Add-on: A two-phase competition for a freestanding, affordable, ACCESSORY dwelling unit on Cape Cod, 2013
This competition came to my attention two weeks ago by chance. While reading a book on Craig Ellwood’s life as a Modern Architect, I came across a reference to a house Marcel Breuer designed in the Berkshires of Massachusetts. It happened to compare the somewhat un-orthidox use of field-stones in in both houses fireplaces, both built in the 1950’s modern style. This reminded me of the other modernist houses built on the Outer Cape in Massachusetts, I had a admired while driving, biking, and walking the National Seashore Park since youth.
There is a restoration effort currently underway to save many of these dwellings from the McMansion ball. An online search brought me to the Cape Cod Modern House Trust run by Peter McMahon. Started in 2006 its mission is to save as many of these houses as possible. The trust, based in Wellfleet, is finishing up restoring the third of seven beach lifestyle houses they currently own. Not having visited these projects in person, I do not have images posted and do not reprint them without owner permission and credit. To see and read more about these cool Cape Cod Modern Houses visit http://www.ccmht.org which is where I found out about the Add-on 13 Competition see addon13.blogspot.com
With only ten days notice, I entered the competition to design an 800sq ft affordable house on a sandy bayside lot in Wellfleet. It was a great exercise to start and finish a house design so quickly with so much detail. Many times forcing myself through decisions at certain points in the process, knowing changes make the project unravel with no time for recovery. The competition asked for a concept, not detailed house. It was difficult if not impossible for me to separate the formal gestures from the functional necessities. Understanding the structural framing connections and how that effects the ceiling heights and sheathing method is especially important in a small building. This structure will also dictate inside wall options and limitations, which of course provide privacy and circulation inside and out . Is a house design which must be modified severely to inhabitable a viable concept? Is a house design entirely prescribed on the first try the best idea?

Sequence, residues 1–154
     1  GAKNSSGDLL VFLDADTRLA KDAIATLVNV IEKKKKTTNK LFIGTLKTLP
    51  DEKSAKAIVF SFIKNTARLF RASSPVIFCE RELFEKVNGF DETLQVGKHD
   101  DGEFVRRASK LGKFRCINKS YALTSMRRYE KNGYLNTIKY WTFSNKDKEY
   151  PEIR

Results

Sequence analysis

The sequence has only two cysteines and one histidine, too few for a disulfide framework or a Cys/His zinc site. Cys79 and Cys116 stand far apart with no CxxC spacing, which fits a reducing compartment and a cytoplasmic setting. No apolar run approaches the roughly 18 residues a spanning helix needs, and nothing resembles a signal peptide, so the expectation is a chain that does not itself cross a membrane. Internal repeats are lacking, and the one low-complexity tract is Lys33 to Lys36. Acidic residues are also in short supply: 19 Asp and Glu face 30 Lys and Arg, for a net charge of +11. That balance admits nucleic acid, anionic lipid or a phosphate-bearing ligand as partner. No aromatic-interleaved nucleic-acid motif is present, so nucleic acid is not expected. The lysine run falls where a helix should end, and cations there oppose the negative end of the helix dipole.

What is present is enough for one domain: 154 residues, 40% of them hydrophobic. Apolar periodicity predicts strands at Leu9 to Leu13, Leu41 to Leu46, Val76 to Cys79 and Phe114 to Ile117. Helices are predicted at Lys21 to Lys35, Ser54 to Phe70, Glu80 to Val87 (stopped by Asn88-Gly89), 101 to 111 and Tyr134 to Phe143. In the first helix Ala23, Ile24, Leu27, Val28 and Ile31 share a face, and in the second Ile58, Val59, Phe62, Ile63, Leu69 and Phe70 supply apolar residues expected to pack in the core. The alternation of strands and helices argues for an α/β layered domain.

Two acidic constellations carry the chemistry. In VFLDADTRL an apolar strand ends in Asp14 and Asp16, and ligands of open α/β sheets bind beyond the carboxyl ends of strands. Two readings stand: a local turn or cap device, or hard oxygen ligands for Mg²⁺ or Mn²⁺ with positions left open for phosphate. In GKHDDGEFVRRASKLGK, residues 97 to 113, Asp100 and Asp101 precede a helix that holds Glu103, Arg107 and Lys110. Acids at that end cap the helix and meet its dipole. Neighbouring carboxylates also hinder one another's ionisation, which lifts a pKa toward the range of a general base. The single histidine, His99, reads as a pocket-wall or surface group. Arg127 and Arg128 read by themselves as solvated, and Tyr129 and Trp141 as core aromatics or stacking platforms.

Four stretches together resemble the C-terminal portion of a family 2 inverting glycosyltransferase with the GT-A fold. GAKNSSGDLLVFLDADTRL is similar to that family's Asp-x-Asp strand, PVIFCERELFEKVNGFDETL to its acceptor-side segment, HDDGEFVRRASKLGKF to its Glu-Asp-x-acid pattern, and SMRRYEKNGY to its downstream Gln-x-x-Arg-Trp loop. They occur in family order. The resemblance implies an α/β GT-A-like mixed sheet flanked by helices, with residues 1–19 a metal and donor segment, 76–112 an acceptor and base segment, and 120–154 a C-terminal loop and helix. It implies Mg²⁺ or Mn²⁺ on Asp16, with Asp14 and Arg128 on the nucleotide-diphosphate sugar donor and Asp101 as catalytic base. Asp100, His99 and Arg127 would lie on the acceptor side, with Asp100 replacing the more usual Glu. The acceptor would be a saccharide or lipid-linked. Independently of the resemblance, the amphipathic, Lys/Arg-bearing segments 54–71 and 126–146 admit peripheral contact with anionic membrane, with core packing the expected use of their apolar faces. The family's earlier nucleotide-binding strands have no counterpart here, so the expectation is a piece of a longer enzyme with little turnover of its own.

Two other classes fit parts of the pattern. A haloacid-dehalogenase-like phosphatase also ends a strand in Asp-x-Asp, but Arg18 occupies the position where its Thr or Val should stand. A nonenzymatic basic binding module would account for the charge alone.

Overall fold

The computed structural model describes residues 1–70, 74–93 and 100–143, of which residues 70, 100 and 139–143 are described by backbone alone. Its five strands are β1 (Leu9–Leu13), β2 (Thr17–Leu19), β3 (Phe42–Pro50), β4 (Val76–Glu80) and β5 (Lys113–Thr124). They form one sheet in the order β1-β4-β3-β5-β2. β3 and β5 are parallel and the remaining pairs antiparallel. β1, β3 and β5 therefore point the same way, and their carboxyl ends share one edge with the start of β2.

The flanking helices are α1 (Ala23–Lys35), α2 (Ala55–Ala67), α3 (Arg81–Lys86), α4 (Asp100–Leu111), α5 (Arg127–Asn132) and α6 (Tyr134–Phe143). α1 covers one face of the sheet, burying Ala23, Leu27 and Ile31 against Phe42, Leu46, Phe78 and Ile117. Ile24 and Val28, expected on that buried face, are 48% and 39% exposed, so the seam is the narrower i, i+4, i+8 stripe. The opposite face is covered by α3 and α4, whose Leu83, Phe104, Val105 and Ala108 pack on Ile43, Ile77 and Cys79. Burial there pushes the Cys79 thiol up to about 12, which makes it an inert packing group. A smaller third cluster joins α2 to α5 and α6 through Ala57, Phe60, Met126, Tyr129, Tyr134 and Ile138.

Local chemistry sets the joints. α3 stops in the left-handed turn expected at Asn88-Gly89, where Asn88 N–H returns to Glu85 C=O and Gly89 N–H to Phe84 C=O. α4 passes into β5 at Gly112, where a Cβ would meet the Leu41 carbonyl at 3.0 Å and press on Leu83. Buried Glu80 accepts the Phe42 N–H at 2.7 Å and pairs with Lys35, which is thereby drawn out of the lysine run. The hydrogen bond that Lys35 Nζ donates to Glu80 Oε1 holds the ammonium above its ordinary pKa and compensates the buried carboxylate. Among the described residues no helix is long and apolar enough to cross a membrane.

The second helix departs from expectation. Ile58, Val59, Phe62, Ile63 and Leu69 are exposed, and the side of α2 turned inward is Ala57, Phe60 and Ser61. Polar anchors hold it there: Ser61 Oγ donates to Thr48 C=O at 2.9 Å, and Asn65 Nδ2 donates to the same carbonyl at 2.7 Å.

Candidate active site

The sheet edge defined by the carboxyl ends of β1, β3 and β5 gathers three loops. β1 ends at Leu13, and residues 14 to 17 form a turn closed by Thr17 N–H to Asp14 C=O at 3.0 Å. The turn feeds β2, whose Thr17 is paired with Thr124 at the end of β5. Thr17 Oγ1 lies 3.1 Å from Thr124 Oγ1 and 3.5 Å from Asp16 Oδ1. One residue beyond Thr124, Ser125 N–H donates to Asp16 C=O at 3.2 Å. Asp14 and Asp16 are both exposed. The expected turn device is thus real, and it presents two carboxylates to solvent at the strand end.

Hoping to visit the Cape this Spring to visit as many of these houses as I can with my new wide angle camera lens!
I have kept my artwork private most of my life. There are many reasons for this, most selfish. This is an easy one to publish as a start, but not easy to identify the subjects . It was drawn more recently(2006 or so).
The samsonite suitcases are full of paintings and drawings dating back to 2000. Lost the older work in my house fire on west st.
These are photos of an outdoor concrete bench project for the YMCA. From top to bottom:
The large piece after pouring.
The large piece ready to pour.
The small triangle ready to pour.
The small piece being poured.
These are images of steel reinforcement being fabricated for an outdoor concrete bench. The 6 x 6″ remesh is cut flat and folded like orgami to create the verticals. It had to be exact since a tolerance of less than 1/16″ on all sides was needed. It was built 1/8″ shallow to allow a wrap of diamond lathe on the face. It is placed 1/2″ from the exterior walls to give tension strength. Next is attaching 7/16″ diameter (stainless steel) threaded rods wired onto the remesh vertically at certain load points. These rods need to protrude from the top at 2-7/8″ above the concrete trowel line.
Next…a second layer of 6×6″ remesh using the threaded rods as a standoff, giving a 1/2″ gap from the outer layer of metal will be tied in.
Will update on the bolt pattern and protrusion placement method as this piece will be fastened to a base plate of concrete.
The kicker…the embossed memorial lettering across the front top edge!
Day 2. The large threaded rod fasteners are in place and a second layer of metal has been begun.
Had to invent a spacer to offset the two layers of metal. This will allow concrete flow between layers. The solurion was simple in the end!